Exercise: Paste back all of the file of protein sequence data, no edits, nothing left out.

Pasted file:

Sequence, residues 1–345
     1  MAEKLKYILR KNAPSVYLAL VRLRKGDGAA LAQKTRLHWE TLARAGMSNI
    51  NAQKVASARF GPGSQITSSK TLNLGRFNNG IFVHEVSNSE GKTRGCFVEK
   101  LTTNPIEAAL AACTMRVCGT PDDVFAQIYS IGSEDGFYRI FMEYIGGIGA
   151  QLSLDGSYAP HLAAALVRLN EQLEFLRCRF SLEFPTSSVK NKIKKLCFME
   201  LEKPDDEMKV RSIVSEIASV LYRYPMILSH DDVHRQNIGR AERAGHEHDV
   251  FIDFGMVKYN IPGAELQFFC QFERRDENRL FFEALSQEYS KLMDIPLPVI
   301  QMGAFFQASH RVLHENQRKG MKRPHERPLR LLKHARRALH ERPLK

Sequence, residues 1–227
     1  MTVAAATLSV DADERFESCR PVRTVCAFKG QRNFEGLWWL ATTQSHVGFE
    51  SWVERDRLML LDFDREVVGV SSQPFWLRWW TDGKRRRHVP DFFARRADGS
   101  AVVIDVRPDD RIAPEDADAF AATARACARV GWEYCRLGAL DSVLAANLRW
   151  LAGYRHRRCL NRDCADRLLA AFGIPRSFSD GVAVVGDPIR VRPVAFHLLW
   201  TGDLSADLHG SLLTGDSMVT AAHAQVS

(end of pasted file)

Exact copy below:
Sequence, residues 1–345
     1  MAEKLKYILR KNAPSVYLAL VRLRKGDGAA LAQKTRLHWE TLARAGMSNI
    51  NAQKVASARF GPGSQITSSK TLNLGRFNNG IFVHEVSNSE GKTRGCFVEK
   101  LTTNPIEAAL AACTMRVCGT PDDVFAQIYS IGSEDGFYRI FMEYIGGIGA
   151  QLSLDGSYAP HLAAALVRLN EQLEFLRCRF SLEFPTSSVK NKIKKLCFME
   201  LEKPDDEMKV RSIVSEIASV LYRYPMILSH DDVHRQNIGR AERAGHEHDV
   251  FIDFGMVKYN IPGAELQFFC QFERRDENRL FFEALSQEYS KLMDIPLPVI
   301  QMGAFFQASH RVLHENQRKG MKRPHERPLR LLKHARRALH ERPLK

Sequence, residues 1–227
     1  MTVAAATLSV DADERFESCR PVRTVCAFKG QRNFEGLWWL ATTQSHVGFE
    51  SWVERDRLML LDFDREVVGV SSQPFWLRWW TDGKRRRHVP DFFARRADGS
   101  AVVIDVRPDD RIAPEDADAF AATARACARV GWEYCRLGAL DSVLAANLRW
   151  LAGYRHRRCL NRDCADRLLA AFGIPRSFSD GVAVVGDPIR VRPVAFHLLW
   201  TGDLSADLHG SLLTGDSMVT AAHAQVS